2:26pm

Tue July 26, 2011
Shots - Health Blog

Papayas Recalled Over Salmonella Risks

iStockphoto.com

Even papayas can spread salmonellla, it turns out.

There's a recall of papayas from Mexico after testing by the Food and Drug Administration found samples from Agromod Produce had the same strain of bacteria seen in outbreaks of salmonella affecting 97 people in 23 states.

McAllen, Texas-based Agromod Produce distributes four papaya brands: Blondie, Mananita, Tastylicious and Yaya.

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2:18pm

Tue July 26, 2011
Economy

What A Credit Ratings Cut Could Mean For The U.S.

Traders work on the floor of the New York Stock Exchange in April. The country's credit rating could suffer if Congress fails to address the nation's long-term debt.
Spencer Platt Getty Images

With a debt ceiling deadline approaching, party leaders spent the day counting votes.

There are two plans: One, the handiwork of House Majority Leader John Boehner (R-OH), the other from Senate Majority Leader Harry Reid (D-NV).

The problem is that it's not clear that either one can muster the votes necessary for approval.

Monday night, President Obama dramatized the threat this way:

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1:44pm

Tue July 26, 2011
The Two-Way

Wisconsin Politics Now Turns To A Bloody Balloon Incident

Wisconsin has been the scene of plenty of political altercations over the past few months: from legislators fleeing the state to avoid a union bill vote, to the state House being shut down because of protestors, to one Supreme Court justice holding another one

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1:00pm

Tue July 26, 2011
Around the Nation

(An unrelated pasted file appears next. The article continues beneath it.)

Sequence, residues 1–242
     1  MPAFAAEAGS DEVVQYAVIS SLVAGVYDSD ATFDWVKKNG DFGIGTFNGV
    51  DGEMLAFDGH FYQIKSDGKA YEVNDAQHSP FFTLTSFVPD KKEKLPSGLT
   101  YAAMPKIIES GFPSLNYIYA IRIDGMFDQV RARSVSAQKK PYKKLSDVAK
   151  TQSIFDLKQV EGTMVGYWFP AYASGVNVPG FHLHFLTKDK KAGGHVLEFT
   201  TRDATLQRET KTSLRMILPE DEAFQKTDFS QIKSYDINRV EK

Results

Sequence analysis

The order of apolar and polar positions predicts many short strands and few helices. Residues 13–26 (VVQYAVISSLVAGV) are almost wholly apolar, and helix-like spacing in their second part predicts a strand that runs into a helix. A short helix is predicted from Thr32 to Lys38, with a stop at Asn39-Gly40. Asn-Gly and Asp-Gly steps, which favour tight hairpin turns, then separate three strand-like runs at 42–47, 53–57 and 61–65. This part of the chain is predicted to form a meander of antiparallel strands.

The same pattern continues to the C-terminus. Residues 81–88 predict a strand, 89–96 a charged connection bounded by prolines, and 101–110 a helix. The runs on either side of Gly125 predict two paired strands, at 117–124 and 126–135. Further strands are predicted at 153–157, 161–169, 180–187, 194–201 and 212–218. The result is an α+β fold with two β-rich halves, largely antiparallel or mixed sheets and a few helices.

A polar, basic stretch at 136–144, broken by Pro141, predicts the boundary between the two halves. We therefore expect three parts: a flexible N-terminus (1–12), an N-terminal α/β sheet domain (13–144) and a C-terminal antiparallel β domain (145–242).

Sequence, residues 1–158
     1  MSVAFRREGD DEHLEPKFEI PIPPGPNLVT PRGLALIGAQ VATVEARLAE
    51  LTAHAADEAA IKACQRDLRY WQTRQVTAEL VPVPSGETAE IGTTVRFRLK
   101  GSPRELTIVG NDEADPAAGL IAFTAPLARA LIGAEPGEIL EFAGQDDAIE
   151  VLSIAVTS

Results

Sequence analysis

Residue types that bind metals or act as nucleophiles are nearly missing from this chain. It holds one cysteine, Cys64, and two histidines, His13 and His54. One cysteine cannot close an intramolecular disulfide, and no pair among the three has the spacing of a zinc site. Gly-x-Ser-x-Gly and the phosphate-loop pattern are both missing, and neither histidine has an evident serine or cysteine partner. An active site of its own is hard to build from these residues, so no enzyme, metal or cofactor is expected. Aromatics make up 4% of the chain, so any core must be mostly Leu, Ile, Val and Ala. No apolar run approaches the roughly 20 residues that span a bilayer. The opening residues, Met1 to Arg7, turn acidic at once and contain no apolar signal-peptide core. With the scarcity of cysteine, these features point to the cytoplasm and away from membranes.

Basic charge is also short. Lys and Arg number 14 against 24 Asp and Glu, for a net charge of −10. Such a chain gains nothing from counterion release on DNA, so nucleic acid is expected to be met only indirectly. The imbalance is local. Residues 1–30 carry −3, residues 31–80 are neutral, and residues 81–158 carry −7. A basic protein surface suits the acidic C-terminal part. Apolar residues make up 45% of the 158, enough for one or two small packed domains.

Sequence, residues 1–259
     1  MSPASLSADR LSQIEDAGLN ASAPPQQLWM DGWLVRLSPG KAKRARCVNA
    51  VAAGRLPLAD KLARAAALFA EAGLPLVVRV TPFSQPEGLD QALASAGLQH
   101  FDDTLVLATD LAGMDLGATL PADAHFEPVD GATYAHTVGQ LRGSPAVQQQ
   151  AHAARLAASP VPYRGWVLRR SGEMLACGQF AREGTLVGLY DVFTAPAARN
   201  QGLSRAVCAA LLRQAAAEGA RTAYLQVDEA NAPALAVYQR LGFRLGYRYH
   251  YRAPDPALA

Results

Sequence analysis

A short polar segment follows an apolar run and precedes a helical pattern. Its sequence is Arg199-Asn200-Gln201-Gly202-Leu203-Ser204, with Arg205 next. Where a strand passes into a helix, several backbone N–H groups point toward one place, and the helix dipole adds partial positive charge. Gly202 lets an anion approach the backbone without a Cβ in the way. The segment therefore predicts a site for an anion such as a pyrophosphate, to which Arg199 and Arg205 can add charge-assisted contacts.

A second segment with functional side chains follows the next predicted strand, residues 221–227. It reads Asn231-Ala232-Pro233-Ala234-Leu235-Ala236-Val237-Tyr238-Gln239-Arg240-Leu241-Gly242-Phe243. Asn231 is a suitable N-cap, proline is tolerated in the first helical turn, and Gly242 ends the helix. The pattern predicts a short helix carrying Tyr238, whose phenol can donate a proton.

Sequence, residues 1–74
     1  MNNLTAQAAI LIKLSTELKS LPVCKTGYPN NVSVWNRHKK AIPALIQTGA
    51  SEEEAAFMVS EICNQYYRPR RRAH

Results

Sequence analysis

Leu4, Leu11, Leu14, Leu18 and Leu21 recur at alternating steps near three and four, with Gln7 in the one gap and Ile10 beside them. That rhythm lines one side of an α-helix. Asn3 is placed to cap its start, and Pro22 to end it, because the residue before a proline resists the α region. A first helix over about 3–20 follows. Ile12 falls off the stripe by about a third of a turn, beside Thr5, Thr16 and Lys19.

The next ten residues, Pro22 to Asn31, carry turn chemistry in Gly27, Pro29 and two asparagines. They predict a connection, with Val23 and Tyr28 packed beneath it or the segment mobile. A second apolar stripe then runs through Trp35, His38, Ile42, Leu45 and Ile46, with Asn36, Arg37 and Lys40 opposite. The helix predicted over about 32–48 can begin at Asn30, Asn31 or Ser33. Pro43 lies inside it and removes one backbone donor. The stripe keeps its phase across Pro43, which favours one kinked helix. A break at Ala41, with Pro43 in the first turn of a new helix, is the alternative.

Living In A Post Office

The U.S. Postal Service released a list Tuesday of 3,700 post offices it is considering closing as part of an effort to become leaner and more competitive. For some ideas on what could become of vacant post office buildings, Michele Norris talks with Sarah Belhasen, a family physician who bought the old post office in her town of Paintsville, Ky., a decade ago. Belhasen turned the building into her home.

1:00pm

Tue July 26, 2011
Economy

White House Official Discusses Debt Ceiling Talks

Michele Norris speaks with Gene Sperling, director of the National Economic Council and assistant to the president for economic policy. They talk about the latest developments in the debt ceiling negotiations.

1:00pm

Tue July 26, 2011
Economy

Can Boehner's Debt Ceiling Plan Pass?

Speaker John Boehner's plan for raising the debt ceiling in two steps and cutting the budget comes to the House floor Wednesday. Does he have the votes to pass it? Then what?

1:00pm

Tue July 26, 2011
NPR Story

Seniors Complete To Be 'Miss Alabama Nursing Home'

Monday in Birmingham, 75 contestants from the "retirement set" went toe to toe for the title of "Miss Alabama Nursing Home."

1:00pm

Tue July 26, 2011
NPR Story

Rep. Wu Resigns In The Midst Of Sex Assault Allegations

Democratic Rep. David Wu of Oregon has announced that he is resigning from Congress. Recent allegations of sexual assault and abuse of prescription drugs have led to questions over whether he is fit for public office.

1:00pm

Tue July 26, 2011
NPR Story

Egyptians At Odds Over Military's Role In Government

When the military stepped in and eased the way out for Hosni Mubarak earlier this year, its leaders insisted they only wanted to be a caretaker government, finding the best pathway to civilian and democratic rule. A new electoral law has been promulgated, and it looks like parliamentary elections will be held in November. Some in the military want the army to continue to play the role of safeguard for the new system that is emerging. But others — primarily the young — argue the military cannot be trusted with that kind of power.

12:44pm

Tue July 26, 2011
School's Out: America's Dropout Crisis

Teen Fights To Succeed In Rural S.C. Community

Nick Dunn, 16, gave up on school shortly after he lost his father. He lives with his mother, Deborah Gilmore Dunn, in rural South Carolina.
Claudio Sanchez NPR

Third of a five-part series

A fifth of the nation's public school students attend rural schools, but nearly a third of those kids don't graduate. In fact, many schools that researchers have labeled "dropout factories" are in rural communities. No state has more than South Carolina, which has 50. In this state, lots of teenagers just don't think they need a high school diploma.

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